5. Implement annual objectives
  6. Monthly review
  7. Annual review

A Hoshin plan contains a series of hierarchical objectives that are derived from a series of ends and means analyses. Each tier’s sub-objective has an accountable person, an outcome statement, metrics and a timetable.

Hierarchical tiers

 

 

 3.3   Challenges of continuous improvement

All of the work that takes place in a business can be placed in one of two categories: (1) activities required to operate the business or (2) activities to improve the way to operate the business. The second is rarely viewed with the same sense of urgency as the first, and gets postponed by the “tyranny of the now.” For this reason a systematic approach to embed improvement activities into the workflow of the organization is essential. There are two ways to help make this possible. First, keep things simple. Don’t over-complicate the tools and techniques that you use. Second, use a tried-and-tested strategy setting process, like Hoshin Kanri.

In a follow-on article I will review the detailed implementation steps, tools and techniques that will help you set up and sustain a succcessful continuous improvement program.

 

Key points

Here are Deming’s 14 key points of management which as relevant today as when they were formulated:

  1. Create constancy of purpose toward improvement of product and service, with the aim to become competitive, to stay in business and to provide jobs.
  2. Adopt the new philosophy. We are in a new economic age. Western management must awaken to the challenge, must learn their responsibilities, and take on leadership for change.
  3. Cease dependence on inspection to achieve quality. Eliminate the need for massive inspection by building quality into the product in the first place.
  4. End the practice of awarding business on the basis of a price tag. Instead, minimize total cost. Move towards a single supplier for any one item, on a long-term relationship of loyalty and trust.
  5. Improve constantly and forever the system of production and service, to improve quality and productivity, and thus constantly decrease costs.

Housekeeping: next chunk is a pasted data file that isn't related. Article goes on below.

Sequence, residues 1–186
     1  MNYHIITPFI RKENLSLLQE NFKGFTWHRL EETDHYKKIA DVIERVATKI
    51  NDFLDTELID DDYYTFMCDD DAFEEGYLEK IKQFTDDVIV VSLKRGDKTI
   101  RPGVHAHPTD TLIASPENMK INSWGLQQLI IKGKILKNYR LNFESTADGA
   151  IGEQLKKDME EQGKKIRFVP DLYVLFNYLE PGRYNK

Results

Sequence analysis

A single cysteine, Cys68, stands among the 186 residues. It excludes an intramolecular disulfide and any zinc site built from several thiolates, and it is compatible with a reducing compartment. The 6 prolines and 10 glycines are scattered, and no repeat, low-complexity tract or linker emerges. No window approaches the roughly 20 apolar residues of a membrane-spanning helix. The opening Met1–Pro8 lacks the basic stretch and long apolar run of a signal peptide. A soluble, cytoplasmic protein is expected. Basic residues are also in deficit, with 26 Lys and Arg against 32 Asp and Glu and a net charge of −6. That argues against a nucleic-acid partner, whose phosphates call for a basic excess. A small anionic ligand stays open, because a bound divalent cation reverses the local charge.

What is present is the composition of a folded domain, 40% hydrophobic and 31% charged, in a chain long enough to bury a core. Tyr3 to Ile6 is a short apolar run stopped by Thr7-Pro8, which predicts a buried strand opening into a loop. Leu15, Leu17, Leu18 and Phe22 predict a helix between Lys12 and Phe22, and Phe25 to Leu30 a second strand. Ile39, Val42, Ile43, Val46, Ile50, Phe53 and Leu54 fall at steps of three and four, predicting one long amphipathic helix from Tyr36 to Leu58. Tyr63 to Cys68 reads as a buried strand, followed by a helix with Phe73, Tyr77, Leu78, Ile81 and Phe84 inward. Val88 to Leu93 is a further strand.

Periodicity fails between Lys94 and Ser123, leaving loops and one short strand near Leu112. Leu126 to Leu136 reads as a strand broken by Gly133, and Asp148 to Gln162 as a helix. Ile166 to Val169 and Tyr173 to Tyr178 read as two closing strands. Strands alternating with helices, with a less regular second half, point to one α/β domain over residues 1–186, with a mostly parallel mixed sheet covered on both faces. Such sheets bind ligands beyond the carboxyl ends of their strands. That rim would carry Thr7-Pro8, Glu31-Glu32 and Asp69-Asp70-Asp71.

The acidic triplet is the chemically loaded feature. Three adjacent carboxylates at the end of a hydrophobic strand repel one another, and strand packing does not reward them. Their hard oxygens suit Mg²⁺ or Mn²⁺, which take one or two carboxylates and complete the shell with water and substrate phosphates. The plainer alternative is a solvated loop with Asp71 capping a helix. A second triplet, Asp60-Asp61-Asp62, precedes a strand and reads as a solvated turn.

6. Institute training on the job.
  7. Institute leadership. The aim of supervision should be to help people and machines and gadgets do a better job. Supervision of management is in need of overhaul, as well as supervision of production workers.
  8. Drive out fear, so that everyone may work effectively for the company.
  9. Break down barriers between departments. People in research, design, sales, and production must work as a team, in order to foresee problems of production and usage that may be encountered with the product or service.
  10. Eliminate slogans, exhortations, and targets for the work force asking for zero defects and new levels of productivity. Such exhortations only create adversarial relationships, as the bulk of the causes of low quality and low productivity belong to the system and thus lie beyond the power of the work force. Eliminate work standards (quotas) on the factory floor. Substitute with leadership. Eliminate management by objectives. Eliminate management by numbers and numerical goals. Instead substitute with leadership.
  11. Remove barriers that rob the hourly worker of his right to pride of workmanship. The responsibility of supervisors must be changed from sheer numbers to quality.
  12. Remove barriers that rob people in management and in engineering of their right to pride of workmanship. This means, inter alia, abolishment of the annual or merit rating and of management by objectives.
  13. Institute a vigorous program of education and self-improvement.
  14. Put everybody in the company to work to accomplish the transformation. The transformation is everybody’s job.

Acknowledgements

Systematizing Continuous Improvement: It’s not about the methodology or tools – Roger Price

Deming’s Challenge to Us – Tripp Babbitt

Redux: Rethinking Lean Service – Tripp Babbitt

If Six Sigma is so easy why isn’t everyone doing it – Jay Arthur

W Edwards Deming – The Man and The Legend – Yonatan Reshef

An interview with Masaaki Imai – Quality Digest

Hoshin Planning: Making the Strategic Plan Work – Bob Page, iSixSigma

What is Lean vs Six Sigma vs Kaizen? – Chad Walters – Leanblitz

A History of Lean and Continuous Improvement – Terence Burton

Aldi case study – businesscasestudies.co.uk